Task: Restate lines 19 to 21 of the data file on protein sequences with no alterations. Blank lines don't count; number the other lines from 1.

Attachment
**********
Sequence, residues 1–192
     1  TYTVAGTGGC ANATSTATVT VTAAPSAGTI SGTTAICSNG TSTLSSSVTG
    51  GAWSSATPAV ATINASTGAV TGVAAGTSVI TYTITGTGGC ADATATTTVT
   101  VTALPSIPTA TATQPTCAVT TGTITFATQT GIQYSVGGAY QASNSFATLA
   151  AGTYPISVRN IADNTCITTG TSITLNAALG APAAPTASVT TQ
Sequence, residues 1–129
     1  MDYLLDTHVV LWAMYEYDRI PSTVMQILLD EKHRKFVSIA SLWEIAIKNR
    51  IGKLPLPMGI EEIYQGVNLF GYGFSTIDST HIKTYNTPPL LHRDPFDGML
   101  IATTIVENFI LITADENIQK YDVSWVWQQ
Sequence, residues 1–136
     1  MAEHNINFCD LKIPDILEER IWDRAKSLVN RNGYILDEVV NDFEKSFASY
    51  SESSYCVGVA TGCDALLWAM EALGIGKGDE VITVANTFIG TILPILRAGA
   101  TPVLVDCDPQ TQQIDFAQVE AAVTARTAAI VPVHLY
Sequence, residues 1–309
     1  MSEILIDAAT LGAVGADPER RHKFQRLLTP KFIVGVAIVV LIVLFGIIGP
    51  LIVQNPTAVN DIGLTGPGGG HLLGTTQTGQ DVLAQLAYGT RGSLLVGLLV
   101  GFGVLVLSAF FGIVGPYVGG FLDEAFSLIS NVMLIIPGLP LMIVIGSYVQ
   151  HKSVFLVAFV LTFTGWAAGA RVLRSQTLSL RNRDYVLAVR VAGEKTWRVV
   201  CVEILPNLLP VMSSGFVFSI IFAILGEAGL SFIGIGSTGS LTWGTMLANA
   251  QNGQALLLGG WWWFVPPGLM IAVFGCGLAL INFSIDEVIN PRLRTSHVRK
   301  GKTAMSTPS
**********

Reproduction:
   201  CVEILPNLLP VMSSGFVFSI IFAILGEAGL SFIGIGSTGS LTWGTMLANA
   251  QNGQALLLGG WWWFVPPGLM IAVFGCGLAL INFSIDEVIN PRLRTSHVRK
   301  GKTAMSTPS